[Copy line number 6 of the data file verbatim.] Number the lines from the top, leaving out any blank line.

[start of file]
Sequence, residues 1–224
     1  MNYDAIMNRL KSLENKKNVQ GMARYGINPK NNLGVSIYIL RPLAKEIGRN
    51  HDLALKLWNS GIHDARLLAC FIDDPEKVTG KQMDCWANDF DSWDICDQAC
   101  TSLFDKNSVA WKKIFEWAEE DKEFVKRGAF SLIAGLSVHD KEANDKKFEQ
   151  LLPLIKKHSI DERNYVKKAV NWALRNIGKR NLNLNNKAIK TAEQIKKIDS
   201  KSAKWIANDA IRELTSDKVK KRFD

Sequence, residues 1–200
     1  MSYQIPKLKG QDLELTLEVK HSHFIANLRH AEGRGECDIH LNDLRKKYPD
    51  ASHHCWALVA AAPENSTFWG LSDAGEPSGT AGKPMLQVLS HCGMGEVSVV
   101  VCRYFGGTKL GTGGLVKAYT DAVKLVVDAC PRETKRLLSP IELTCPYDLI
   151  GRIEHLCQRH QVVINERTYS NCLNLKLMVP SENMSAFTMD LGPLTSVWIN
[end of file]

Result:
   201  KSAKWIANDA IRELTSDKVK KRFD